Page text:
Many an athlete has been saddled with the worrisome praise of having potential. It’s as though the experts are hedging their bets just in case there’s a star in the making, but they’re also telling us expectations aren’t that high.
Over the past decade or so, sustainable packaging experienced similar considerations and, in fairness, was the author of many of its shortfalls. But, it stayed in the fight, learned from experience and steadily improved to a point where, as one packaging expert puts it, “With regards to sustainability and packaging, the genie is out of the bottle and you will not get it back in.”
If that’s the case, what’s going on with the technology for bio-sourced or renewable content — two vital limbs of the sustainable-packaging family tree? Our source suggests looking at green polyethylene (sugar cane is the feedstock to get ethanol to then produce PE); food-grade, recycled polyethylene terephthalate (PET); and plant-based high-barrier materials. “If people really want to up their sustainability games for, say, a marinated steak product, consider a semi-rigid tray with a recycled PET layer, a plant-based layer for barrier, another recycled PET layer, and a green PE sealing layer. You’re using all bio-sourced, renewable materials to construct that high-barrier tray — MAP or skin pack. Then you’ve got the lid stock, which can be glassine paper, a plant-based layer, and PE,” the expert says.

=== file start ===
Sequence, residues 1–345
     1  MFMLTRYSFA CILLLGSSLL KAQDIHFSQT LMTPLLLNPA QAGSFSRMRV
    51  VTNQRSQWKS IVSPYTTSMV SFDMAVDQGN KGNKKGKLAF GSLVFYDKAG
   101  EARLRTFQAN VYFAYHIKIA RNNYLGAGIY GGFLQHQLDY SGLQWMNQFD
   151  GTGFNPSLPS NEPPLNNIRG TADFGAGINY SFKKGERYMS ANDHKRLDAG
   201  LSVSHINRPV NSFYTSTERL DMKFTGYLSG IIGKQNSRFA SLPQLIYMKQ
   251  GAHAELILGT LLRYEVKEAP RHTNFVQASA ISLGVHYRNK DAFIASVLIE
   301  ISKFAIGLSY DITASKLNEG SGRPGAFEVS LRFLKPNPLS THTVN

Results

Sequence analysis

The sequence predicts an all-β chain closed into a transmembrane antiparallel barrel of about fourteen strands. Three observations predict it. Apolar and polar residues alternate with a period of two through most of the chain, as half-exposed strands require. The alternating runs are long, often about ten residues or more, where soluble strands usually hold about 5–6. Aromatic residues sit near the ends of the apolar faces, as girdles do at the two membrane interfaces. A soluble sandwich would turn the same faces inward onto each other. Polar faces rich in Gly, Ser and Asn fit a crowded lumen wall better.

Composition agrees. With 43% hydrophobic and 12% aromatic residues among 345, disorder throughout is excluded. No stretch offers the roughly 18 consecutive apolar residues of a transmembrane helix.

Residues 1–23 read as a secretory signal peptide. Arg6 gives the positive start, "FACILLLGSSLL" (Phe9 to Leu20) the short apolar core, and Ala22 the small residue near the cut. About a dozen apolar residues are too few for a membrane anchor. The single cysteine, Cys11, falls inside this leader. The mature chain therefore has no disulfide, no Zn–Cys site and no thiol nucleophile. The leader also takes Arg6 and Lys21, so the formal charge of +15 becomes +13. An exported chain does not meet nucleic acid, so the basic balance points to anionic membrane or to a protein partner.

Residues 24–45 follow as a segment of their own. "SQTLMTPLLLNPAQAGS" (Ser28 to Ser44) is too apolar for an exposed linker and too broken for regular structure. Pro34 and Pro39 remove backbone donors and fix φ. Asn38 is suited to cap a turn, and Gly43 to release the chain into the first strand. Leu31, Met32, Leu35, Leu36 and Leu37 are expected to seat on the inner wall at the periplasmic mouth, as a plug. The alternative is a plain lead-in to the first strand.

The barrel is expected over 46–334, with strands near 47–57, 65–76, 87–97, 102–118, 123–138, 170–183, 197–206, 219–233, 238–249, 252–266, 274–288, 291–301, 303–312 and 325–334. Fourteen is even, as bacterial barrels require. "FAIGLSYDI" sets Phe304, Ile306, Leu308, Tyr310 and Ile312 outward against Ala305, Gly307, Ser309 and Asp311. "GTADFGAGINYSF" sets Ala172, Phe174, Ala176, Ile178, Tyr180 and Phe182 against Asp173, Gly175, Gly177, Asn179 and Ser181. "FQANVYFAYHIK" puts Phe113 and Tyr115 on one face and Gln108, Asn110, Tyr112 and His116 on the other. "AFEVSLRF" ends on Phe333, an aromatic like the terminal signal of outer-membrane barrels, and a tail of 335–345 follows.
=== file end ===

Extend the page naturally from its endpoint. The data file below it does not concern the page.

Even black, semi-rigid and rigid trays are doable using a clear PET on the skin layers with a plant-based core colored with black, food-grade dye. “It’s 100 percent recyclable. The black washes away with the wastewater in the recycling process,” the expert says. This is a differentiator in the market, according the source, because black trays aren’t generally considered recyclable because the carbon black is problematic.
These sorts of innovations are compelling and, reasonably, should nurture real creative energies across the industry, but they don’t seem to. “Processors are not going to do anything until they know what the path forward is. Right now, that path is a bit murky,” our expert explains. There are so many ways to go. Do you use mono-layer PET, a barrier PET, recycled PET, plant-based films or others? All of which have performance characteristics that are not wholly understood compared with the materials processors use now.
There’s no denying sustainable packaging is a player. But, at the moment it has experience and comfort working against it. Brand owners know the yields of their existing materials. They know how they run. They know the cost structures and the supply chain. “They prefer to do just one thing, do it all the time, and do it very well.” It’s a hard ask to change something that is working and has worked great for decades. It’s certainly not impossible, but it carries more risk, at least in the short term, and in uncertain times prudence is a smart move.
By any measure, sustainable packaging is living up to its potential and, in the eyes of many, exceeding it. Now, it must overcome its toughest hurdle yet: change. NP